Use during working hours. Companies approach this one in many different ways. Employees can use social networking as a valuable tool for creating and maintaining working relationships; or they can dither away time watching videos of cats. There can be some overlap there, too; finding that one has a shared love of cat videos with an important customer can solidify a working relationship. You need to take a look at your own company’s culture in deciding whether to restrict use of social media during working hours and on company equipment. Some common approaches are 1) the outright ban, blocking access from work computers (though you cannot physically/technologically prevent people from using mobile devices, without blocking all mobile signals); 2) the partial ban, allowing access only to selected sites or by selected employees who use social media as part of their jobs; or 3) the “use responsibly” policy, allowing employees to choose whether and when to use social media during working hours and on work machines, within reasonable limits.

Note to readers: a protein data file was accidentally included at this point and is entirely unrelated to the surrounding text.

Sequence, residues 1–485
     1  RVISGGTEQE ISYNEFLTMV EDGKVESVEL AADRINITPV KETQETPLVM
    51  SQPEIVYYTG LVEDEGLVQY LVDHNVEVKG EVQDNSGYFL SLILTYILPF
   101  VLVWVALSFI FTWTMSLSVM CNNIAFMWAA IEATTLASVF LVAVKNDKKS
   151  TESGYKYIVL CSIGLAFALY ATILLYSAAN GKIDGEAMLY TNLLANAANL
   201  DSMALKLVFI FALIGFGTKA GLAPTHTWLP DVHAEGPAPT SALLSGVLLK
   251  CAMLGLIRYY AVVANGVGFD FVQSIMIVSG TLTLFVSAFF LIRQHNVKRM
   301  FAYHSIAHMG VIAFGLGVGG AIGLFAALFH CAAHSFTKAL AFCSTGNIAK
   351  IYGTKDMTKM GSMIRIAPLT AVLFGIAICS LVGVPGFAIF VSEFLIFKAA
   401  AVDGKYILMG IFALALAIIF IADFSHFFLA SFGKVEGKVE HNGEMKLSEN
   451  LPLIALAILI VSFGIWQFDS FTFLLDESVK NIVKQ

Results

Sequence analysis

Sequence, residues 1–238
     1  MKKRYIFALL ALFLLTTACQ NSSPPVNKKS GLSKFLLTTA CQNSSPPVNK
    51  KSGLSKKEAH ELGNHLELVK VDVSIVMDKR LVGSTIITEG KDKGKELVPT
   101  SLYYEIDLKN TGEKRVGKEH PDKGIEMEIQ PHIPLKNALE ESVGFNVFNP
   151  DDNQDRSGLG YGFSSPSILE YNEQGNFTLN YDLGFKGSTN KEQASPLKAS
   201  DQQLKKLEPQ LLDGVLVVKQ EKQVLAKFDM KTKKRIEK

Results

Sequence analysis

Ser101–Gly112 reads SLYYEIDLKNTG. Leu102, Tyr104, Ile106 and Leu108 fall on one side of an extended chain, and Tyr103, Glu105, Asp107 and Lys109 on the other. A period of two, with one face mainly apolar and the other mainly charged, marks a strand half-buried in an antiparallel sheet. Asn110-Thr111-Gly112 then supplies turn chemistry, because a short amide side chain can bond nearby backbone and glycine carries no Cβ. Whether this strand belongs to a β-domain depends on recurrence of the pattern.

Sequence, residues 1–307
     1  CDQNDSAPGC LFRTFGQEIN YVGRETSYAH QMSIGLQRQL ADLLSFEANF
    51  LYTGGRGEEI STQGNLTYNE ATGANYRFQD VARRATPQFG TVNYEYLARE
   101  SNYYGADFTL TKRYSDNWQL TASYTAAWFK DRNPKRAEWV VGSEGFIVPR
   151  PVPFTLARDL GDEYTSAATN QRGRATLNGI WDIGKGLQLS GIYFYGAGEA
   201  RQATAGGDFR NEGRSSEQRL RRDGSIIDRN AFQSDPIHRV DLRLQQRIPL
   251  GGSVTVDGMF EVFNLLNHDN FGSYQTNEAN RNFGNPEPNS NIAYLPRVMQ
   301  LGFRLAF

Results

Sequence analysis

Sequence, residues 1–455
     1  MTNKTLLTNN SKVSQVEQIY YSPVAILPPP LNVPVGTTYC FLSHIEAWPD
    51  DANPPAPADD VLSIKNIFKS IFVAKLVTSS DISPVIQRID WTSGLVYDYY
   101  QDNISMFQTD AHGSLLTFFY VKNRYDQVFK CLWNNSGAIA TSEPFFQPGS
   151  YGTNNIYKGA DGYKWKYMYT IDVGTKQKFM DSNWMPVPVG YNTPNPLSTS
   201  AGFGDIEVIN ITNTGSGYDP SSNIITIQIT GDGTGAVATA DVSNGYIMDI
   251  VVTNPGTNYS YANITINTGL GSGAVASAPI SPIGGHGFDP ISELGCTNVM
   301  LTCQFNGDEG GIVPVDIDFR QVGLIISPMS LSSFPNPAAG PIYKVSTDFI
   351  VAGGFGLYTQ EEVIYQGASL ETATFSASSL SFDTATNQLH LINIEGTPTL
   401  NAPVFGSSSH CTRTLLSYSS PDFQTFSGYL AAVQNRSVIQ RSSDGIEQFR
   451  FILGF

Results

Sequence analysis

Intellectual property. One area that your average employee likely does not have to deal with extensively in the normal course of business is intellectual property. Furthermore, the ways in which photos, videos, and so on, are shared on sites like Facebook, Twitter, and Pinterest has eroded the public sense of what is or is not acceptable practice under the law. Your policy may need to spell out the intellectual property practices of your organization, depending upon how and how often your employees have reason to come into contact with them.

Special concerns. You know your company. You know your industry. There are very likely one or two things that should be in your policy that are unique. You know what they are.